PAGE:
Shadows and Stone is the undisputed champion of prehistoric photography sites in Ireland. The work of photographer Ken Williams, it contains an enormous number of high-quality images from Ireland, England and Wales, and Portugal. Within Ireland, the site is organised by the various types of monuments (passage graves, stone circles, rock art, etc) and there are also galleries devoted to solar phenomena such as the Equinox at Loughcrew.
Ken’s work on rock art is astounding. We know first hand how difficult it is to get good photographs of the carvings. Many of them are covered in lichen, obscuring all the detail, and can really only be discerned in long slanting light, such as at sunrise or sunset. Ken uses artificial lighting to capture his excellent images and when we first met him a couple of years ago we asked him how he packed all those lights up to the remote locations in which a lot of rock art is found. He grinned and opened his backpack. “This is my equipment,” he said, “It’s all I use.” Essentially his gear consists of a camera, flashes, and tripods.
If you want to see the difference between what Ken captures and what us ordinary mortals manage to do, take a look at our photograph below of the highly carved panels at Derrynablaha in Kerry. Hard to see anything on them, right? Now click here for Ken’s version!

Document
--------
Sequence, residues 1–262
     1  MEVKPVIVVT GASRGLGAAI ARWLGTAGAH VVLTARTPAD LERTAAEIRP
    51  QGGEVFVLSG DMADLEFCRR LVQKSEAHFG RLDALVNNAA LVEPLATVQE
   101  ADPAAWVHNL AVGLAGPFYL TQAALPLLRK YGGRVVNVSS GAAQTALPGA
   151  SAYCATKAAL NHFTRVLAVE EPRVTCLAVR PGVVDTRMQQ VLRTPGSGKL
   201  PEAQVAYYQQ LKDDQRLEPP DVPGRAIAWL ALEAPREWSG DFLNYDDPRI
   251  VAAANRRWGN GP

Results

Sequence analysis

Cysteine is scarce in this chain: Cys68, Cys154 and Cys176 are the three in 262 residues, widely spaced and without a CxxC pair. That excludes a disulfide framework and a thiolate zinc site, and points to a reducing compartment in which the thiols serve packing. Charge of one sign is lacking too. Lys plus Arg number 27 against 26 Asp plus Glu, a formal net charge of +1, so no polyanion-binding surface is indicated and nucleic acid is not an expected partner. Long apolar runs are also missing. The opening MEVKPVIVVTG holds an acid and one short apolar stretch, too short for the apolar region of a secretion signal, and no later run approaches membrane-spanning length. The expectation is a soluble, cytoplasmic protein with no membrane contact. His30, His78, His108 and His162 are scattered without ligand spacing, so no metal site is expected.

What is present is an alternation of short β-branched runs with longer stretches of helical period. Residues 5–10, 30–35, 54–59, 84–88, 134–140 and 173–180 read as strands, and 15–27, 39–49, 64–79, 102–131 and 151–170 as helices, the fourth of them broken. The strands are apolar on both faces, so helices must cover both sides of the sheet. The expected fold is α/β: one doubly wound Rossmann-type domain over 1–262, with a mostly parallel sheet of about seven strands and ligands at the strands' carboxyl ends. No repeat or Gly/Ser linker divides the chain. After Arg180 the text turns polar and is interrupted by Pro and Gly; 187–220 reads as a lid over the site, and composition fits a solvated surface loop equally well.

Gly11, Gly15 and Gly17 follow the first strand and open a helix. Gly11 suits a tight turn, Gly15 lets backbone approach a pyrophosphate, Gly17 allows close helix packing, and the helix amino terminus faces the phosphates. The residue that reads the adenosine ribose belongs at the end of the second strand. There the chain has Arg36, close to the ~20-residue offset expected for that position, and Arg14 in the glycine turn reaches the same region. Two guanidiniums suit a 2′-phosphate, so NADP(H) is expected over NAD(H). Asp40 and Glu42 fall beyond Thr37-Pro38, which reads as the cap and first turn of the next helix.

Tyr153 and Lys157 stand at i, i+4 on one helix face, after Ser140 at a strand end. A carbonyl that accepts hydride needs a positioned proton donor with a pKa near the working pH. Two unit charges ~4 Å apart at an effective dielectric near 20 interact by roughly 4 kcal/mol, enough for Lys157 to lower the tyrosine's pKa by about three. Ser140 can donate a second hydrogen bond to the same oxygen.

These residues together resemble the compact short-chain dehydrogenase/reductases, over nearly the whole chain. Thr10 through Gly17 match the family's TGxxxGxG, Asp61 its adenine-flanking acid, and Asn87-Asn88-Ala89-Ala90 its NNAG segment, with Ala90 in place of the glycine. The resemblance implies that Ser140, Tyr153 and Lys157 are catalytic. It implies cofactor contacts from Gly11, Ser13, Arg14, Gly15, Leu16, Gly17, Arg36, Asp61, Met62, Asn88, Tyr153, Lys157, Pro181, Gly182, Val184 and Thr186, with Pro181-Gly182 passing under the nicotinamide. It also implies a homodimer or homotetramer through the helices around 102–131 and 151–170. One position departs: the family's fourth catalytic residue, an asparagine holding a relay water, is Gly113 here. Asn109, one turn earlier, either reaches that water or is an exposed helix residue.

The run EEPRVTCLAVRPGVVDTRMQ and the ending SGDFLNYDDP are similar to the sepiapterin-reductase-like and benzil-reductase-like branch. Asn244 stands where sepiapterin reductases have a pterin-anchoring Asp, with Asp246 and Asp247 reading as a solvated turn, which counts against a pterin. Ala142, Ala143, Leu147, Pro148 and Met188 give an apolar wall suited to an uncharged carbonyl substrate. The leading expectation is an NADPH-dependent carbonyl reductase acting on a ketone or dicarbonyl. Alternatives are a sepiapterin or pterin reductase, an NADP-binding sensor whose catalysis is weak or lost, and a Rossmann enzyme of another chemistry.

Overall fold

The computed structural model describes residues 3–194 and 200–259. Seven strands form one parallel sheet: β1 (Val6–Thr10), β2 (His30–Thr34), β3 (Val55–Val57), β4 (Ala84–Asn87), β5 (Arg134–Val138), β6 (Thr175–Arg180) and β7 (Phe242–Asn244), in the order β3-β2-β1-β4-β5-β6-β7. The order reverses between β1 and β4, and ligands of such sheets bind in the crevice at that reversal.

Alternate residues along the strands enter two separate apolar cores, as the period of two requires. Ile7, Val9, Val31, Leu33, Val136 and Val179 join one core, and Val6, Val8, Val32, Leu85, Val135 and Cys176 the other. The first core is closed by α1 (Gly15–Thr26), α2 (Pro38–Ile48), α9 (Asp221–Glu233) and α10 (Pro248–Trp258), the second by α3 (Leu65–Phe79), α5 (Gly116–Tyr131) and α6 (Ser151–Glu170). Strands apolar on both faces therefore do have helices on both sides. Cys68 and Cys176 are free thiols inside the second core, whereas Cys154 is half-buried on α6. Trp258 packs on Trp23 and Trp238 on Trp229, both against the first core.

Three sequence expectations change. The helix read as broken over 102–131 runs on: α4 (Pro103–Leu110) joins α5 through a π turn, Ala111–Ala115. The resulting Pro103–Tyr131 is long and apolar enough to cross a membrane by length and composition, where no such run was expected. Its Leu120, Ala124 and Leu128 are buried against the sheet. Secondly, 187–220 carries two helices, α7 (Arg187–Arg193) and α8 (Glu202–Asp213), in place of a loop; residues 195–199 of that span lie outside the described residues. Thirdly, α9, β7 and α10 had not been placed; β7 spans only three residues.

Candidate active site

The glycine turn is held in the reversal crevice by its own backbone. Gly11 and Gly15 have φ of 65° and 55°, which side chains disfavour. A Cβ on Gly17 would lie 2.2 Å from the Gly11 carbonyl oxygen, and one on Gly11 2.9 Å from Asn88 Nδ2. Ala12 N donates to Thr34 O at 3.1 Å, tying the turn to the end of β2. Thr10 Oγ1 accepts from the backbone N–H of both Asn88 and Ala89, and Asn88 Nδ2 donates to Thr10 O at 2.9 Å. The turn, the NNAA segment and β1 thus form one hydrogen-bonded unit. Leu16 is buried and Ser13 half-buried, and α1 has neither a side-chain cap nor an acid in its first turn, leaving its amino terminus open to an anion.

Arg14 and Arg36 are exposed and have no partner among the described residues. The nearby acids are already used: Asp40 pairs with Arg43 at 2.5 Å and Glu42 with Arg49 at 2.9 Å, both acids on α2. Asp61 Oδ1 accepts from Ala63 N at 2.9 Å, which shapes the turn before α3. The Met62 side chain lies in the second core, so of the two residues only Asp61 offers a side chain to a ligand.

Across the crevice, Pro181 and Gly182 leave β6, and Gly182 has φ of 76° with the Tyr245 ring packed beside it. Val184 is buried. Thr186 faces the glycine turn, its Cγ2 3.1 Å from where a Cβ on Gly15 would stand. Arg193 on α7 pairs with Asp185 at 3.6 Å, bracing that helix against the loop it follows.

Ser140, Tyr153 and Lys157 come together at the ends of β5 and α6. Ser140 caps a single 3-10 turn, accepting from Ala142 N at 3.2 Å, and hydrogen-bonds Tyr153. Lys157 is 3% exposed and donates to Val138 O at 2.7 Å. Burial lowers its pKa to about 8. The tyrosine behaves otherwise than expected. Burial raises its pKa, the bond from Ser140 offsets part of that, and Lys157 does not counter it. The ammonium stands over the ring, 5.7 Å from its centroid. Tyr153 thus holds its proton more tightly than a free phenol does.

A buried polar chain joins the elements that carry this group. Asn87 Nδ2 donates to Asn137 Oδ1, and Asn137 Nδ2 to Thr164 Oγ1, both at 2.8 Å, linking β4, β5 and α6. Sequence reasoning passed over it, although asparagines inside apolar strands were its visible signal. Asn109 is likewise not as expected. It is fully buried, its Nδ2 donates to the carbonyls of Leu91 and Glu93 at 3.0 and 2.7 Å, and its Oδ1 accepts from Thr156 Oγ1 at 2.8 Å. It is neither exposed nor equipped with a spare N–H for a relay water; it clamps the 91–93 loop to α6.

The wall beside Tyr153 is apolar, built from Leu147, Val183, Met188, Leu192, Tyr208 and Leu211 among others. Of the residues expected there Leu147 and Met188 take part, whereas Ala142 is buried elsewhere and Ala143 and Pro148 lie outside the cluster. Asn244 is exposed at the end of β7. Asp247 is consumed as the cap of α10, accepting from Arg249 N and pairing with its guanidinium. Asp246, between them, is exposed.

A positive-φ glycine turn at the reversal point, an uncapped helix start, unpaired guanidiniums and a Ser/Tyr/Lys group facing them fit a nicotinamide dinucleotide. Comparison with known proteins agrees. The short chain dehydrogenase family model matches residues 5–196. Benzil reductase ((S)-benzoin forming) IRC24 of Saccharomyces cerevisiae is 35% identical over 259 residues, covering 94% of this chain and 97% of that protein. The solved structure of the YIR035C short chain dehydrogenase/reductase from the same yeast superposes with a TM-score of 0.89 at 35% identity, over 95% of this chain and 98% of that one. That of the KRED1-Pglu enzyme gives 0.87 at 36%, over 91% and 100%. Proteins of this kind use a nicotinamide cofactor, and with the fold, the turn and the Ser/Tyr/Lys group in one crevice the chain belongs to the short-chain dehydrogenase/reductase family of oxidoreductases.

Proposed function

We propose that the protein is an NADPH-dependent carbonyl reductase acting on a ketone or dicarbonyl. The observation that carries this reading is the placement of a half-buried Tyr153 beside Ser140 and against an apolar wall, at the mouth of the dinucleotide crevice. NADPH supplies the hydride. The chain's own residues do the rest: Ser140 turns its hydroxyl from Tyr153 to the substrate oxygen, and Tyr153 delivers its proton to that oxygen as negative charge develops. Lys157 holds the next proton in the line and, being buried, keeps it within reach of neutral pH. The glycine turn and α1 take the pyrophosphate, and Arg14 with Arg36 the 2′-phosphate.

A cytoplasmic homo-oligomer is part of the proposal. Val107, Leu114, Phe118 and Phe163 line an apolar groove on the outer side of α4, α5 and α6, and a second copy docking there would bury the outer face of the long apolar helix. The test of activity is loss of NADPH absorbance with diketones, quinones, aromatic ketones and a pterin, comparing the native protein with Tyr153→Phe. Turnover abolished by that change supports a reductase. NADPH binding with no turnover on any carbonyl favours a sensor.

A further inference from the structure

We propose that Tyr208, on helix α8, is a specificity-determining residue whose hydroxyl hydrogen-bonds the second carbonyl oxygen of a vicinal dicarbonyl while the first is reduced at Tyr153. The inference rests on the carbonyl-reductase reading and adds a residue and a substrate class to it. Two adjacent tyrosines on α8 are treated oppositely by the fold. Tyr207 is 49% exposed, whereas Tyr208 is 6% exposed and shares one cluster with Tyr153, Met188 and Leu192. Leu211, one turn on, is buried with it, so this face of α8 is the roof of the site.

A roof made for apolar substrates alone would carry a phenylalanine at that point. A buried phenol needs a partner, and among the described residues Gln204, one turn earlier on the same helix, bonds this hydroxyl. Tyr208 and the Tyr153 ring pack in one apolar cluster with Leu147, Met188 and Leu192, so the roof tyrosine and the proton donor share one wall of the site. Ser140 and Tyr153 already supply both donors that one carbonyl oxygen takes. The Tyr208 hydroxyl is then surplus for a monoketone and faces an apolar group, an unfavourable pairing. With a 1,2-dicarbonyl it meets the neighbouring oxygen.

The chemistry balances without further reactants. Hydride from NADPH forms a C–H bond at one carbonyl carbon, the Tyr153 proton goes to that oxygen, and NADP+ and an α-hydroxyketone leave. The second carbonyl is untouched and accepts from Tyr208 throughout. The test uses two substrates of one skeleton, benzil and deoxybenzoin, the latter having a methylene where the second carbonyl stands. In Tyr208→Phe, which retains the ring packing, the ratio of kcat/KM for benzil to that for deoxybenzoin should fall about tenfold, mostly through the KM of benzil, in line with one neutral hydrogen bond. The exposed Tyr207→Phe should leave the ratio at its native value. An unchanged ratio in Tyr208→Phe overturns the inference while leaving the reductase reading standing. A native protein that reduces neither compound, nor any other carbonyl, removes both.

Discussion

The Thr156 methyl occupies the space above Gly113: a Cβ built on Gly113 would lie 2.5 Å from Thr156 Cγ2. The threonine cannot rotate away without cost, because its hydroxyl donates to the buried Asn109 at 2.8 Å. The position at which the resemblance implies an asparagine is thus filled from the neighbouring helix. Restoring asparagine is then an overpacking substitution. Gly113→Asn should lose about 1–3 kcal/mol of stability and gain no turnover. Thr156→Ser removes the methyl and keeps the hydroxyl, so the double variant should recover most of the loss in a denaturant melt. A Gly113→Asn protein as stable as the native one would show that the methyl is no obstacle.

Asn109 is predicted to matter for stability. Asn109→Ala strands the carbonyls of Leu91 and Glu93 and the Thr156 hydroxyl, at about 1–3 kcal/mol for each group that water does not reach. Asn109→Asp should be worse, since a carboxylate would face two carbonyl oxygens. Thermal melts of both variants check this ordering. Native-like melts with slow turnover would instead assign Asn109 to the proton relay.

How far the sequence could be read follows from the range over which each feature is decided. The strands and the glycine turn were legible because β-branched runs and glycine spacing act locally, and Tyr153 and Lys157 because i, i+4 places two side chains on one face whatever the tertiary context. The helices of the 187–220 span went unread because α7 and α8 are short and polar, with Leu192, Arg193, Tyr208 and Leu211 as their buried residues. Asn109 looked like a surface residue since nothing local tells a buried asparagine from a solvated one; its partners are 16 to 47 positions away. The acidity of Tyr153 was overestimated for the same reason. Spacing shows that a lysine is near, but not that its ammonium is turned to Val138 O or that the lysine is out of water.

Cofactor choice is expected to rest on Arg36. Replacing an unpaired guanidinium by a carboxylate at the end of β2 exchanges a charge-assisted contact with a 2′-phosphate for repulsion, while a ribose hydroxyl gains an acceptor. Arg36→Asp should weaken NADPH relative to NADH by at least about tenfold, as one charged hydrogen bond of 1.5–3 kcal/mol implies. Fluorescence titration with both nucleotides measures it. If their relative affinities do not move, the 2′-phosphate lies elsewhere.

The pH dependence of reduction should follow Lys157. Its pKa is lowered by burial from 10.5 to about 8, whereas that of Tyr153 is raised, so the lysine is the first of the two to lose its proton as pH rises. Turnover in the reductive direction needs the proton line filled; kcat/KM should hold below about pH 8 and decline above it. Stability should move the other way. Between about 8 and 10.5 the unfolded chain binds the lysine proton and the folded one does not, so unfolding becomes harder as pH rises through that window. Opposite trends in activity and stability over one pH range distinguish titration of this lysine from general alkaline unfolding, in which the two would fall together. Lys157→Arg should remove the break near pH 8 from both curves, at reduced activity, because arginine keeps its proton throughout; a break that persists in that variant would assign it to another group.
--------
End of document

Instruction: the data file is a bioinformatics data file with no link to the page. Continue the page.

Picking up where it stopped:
We met Ken this week at the Bohonagh Stone Circle: he was there to photograph the equinoctial sunset. It was a beautiful evening – perfect conditions to see the sun sink behind the recumbent stone, as it does in these axial stone circles at either the equinox or solstice.
It was a treat to see a master photographer at work and to have Ken explain how he gets those amazing shots. Since we had already had the opportunity to shoot the sunset last March, I knew how difficult it was to portray a scene when you’re aiming directly into the glare of the setting sun. It took a lot of processing afterwards before I could see both the sun and the stones in my shot, and by that time the sky was competely washed out. This time I concentrated on capturing the photographer at work. Ken, meanwhile, worked his usual magic – and here’s the result, included with his permission. Not only can you see everything, including the still blue sky, but his picture captures the mysterious ambiance of the setting and the occasion.
We hope to tag along with Ken again in the future. Meanwhile – our thanks to him for an inspirational day and the great rock art chat.
By the way, it’s been a week of sky photography here in West Cork – first the equinox and then an eclipse! My neck hurts now.